The other side of the Power of Attorney coin

Most attorneys who do any estate planning work have represented clients who wanted to prepare a power of attorney for health care and/or a power of attorney for property. From time to time, however, a client may come in to consult with the attorney and relate facts, including that someone else is acting as agent under another person’s power of attorney, and that there may be some misfeasance, malfeasance, or abuse going on. That is the other side of the coin.

Pursuant to Section 2-10 of the Power of Attorney Act, the court can become involved in such a situation and do one of many things.  The court could make an interpretation of a power of attorney and instruct the agent on how to proceed. The court may order a guardian of the principal’s person or estate to exercise any powers under the agency, including the power to revoke it.  The court could also leave the power of attorney in place and not appoint a guardian, but enter such orders as necessary to provide for the best interests of the principal. The court could also allow a guardian to be put in place, as well as keep the agent under a power of attorney, with different roles and duties.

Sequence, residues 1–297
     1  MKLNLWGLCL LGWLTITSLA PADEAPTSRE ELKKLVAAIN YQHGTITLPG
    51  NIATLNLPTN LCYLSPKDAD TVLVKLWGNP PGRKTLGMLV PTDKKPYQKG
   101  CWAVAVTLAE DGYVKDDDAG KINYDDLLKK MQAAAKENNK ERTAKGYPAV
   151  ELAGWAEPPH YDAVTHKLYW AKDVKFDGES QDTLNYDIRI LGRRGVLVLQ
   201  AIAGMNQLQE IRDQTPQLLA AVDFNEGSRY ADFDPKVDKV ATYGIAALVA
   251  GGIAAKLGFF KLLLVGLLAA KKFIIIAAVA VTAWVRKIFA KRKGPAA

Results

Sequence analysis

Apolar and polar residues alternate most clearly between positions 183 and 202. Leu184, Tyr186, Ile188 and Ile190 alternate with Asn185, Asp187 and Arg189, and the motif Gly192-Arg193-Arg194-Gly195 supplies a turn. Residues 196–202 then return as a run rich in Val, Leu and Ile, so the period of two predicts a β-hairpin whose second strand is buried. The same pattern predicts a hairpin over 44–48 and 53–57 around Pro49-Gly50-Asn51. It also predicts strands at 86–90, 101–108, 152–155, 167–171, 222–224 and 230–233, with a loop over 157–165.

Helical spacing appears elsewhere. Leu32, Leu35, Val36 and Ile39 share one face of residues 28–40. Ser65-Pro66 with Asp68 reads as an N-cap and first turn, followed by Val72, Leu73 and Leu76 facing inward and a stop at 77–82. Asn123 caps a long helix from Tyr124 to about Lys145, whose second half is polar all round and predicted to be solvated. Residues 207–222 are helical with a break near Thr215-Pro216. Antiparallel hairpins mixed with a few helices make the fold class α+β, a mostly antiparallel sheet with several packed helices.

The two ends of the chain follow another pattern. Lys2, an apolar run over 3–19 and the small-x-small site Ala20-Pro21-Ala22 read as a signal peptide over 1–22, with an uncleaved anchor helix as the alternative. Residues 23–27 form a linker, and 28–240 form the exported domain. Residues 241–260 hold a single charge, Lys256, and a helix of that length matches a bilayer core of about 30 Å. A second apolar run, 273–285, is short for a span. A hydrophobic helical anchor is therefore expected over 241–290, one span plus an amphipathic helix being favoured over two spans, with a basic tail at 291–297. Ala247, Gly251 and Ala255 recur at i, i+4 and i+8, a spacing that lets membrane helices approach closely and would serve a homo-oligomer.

All of these things that the court can do are under the premise that someone believes the principal cannot control or revoke the agency any more, or that an agent is not acting for the benefit of the principal.

Should a client request assistance in this type of case, you could suggest writing to the principal and/or agent and asking for a copy of the power of attorney and some detailed explanation as to the actions taken or not taken by the agent. Should there be no response or, perhaps, an inadequate response, your client may need to consider filing the appropriate petition under the Power of Attorney Act.

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October 2016Volume 8Number 1PDF icon PDF version (for best printing)